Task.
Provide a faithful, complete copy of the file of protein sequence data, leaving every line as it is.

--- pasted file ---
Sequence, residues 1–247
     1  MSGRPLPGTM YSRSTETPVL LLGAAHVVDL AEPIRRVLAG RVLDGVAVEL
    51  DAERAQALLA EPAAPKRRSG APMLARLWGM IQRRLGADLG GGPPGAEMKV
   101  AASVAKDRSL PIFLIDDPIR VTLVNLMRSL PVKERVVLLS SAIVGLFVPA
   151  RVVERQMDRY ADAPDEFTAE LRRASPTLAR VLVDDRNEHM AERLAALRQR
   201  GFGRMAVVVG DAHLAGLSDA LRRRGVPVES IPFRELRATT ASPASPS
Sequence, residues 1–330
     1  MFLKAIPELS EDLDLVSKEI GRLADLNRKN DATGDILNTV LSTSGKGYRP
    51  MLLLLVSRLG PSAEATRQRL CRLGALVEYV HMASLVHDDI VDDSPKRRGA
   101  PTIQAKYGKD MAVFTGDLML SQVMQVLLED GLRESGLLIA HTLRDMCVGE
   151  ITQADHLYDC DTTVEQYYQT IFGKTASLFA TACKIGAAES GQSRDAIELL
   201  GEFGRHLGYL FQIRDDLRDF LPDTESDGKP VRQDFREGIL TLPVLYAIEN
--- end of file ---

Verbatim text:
Sequence, residues 1–247
     1  MSGRPLPGTM YSRSTETPVL LLGAAHVVDL AEPIRRVLAG RVLDGVAVEL
    51  DAERAQALLA EPAAPKRRSG APMLARLWGM IQRRLGADLG GGPPGAEMKV
   101  AASVAKDRSL PIFLIDDPIR VTLVNLMRSL PVKERVVLLS SAIVGLFVPA
   151  RVVERQMDRY ADAPDEFTAE LRRASPTLAR VLVDDRNEHM AERLAALRQR
   201  GFGRMAVVVG DAHLAGLSDA LRRRGVPVES IPFRELRATT ASPASPS
Sequence, residues 1–330
     1  MFLKAIPELS EDLDLVSKEI GRLADLNRKN DATGDILNTV LSTSGKGYRP
    51  MLLLLVSRLG PSAEATRQRL CRLGALVEYV HMASLVHDDI VDDSPKRRGA
   101  PTIQAKYGKD MAVFTGDLML SQVMQVLLED GLRESGLLIA HTLRDMCVGE
   151  ITQADHLYDC DTTVEQYYQT IFGKTASLFA TACKIGAAES GQSRDAIELL
   201  GEFGRHLGYL FQIRDDLRDF LPDTESDGKP VRQDFREGIL TLPVLYAIEN